AARP: Price hikes doubled average drug price over 7 years

TRENTON, N.J. (AP) — The average cost for a year’s supply of a prescription drug doubled in just seven years to more than $11,000 — about three-quarters of the average annual Social Security benefit.

That’s according to the latest study of price trends for widely-used drugs conducted by AARP, the senior citizens advocacy group. It finds prices for existing drugs, driven entirely by manufacturer price hikes, have been rising more quickly since 2007 and likely will continue to do so.

AARP says its research shows drugmaker price hikes imposed one or more times a year are making prescription medicines increasingly unaffordable for retirees and many other patients.


3 former execs of utility charged in Fukushima disaster

TOKYO (AP) — Three former Japanese utility executives were formally charged Monday with negligence in the Fukushima nuclear disaster, becoming the first officials from the company to face a criminal trial.

The three men, charged with professional negligence, were not taken into custody.

Proving criminal responsibility for failing to prevent the Fukushima meltdowns may be difficult, but many people, including residents of the area affected by the disaster, say they hope any trial will reveal information about the disaster and TEPCO’s role that has not been disclosed by the utility.


Report: Cheap natural gas leads to more plants and pollution

NEW ORLEANS (AP) — The nation’s boom in cheap natural gas — often viewed as a clean energy source — is spawning a wave of petrochemical plants that, if built, will emit massive amounts of greenhouse gases, an environmental watchdog group warned in a report Monday.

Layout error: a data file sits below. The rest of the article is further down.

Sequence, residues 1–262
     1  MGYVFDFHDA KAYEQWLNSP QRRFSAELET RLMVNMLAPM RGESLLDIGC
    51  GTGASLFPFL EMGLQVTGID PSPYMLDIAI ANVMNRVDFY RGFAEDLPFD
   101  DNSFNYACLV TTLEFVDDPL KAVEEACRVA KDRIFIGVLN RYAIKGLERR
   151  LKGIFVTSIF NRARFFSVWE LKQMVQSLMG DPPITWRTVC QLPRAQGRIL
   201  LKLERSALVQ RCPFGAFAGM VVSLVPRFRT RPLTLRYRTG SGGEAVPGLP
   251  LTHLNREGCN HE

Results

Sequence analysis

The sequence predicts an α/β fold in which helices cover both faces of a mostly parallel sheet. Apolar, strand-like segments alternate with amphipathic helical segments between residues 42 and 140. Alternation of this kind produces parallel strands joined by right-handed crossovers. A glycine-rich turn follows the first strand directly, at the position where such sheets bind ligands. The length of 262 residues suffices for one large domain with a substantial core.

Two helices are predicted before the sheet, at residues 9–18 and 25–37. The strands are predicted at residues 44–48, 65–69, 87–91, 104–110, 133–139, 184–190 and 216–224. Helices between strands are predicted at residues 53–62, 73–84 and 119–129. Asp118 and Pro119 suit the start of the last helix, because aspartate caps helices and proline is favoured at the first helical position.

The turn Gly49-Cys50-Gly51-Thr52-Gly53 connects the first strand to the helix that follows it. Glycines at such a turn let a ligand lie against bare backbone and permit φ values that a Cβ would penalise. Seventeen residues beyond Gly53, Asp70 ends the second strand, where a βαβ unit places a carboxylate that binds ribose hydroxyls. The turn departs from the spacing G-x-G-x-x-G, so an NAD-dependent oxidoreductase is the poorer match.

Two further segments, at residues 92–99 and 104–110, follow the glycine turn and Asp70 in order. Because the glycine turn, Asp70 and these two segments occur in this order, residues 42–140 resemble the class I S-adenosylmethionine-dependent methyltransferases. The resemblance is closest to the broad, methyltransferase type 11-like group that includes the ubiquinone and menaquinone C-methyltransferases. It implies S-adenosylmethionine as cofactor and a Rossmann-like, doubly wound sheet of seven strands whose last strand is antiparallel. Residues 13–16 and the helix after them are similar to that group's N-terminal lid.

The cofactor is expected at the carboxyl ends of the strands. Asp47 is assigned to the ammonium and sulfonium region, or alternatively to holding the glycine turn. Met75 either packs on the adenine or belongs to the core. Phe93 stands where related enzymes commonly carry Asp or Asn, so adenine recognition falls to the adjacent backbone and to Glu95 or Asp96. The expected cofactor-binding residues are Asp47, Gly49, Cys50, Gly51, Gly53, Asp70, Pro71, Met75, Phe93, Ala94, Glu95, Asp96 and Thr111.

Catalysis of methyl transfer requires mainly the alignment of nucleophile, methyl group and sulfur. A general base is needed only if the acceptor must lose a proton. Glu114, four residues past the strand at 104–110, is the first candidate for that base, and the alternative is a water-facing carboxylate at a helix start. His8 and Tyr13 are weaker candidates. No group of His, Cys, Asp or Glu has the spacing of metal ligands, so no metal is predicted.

The Washington-based Environmental Integrity Project said hydraulic fracturing of shale rock formations and other advances, such as horizontal drilling, have made natural gas cheap and plentiful — so plentiful that the United States has begun exporting gas.

The watchdog non-profit is led by Eric Schaeffer, former director of the U.S. Environmental Protection Agency’s Office of Civil Enforcement.


Gov’t safety head: Total Takata recall won’t make cars safer

DETROIT (AP) — The nation’s top auto safety regulator says an immediate recall of all Takata air bags wouldn’t provide significant safety benefits and could exceed the government’s legal authority.

A recall of that scope would also strain the network for replacement parts and increase uncertainty for consumers, Mark Rosekind, head of the National Highway Traffic Safety Administration, wrote in a letter to a legislator.

Takata’s air bag inflators can explode with too much force, hurling shrapnel at drivers and passengers. At least 10 people have died worldwide and 139 have been hurt.


Subway to ensure ‘Footlongs’ measure up after lawsuit

NEW YORK (AP) — Subway customers can finally rest assured that their “Footlong” sandwiches will be as long as promised.

A judge last week granted final approval to a settlement of a class-action suit filed against Subway after an Australian teenager in 2013 posted an image of his sandwich on Facebook that was only 11 inches.

As part of the settlement, Subway agreed to institute practices for at least four years to ensure its bread is at least 12 inches long.


The Dow Jones industrial average fell 123.47 points, or 0.7 per cent, to 16,516.50. The Standard & Poor’s 500 index fell 15.82 points, or 0.8 per cent, to 1,932.23. The Nasdaq composite index fell 32.52 points, or 0.7 per cent, to 4,557.95.

Benchmark U.S. crude oil rose 97 cents, or 3 per cent, to $33.75 a barrel in New York Mercantile Exchange. Brent crude, the global benchmark, gained 87 cents, or 2.5 per cent, to $35.97 a barrel in London. In other energy trading, wholesale gasoline rose 3 cents to $1.05 a gallon and heating oil rose 2 cents to $1.08 a gallon.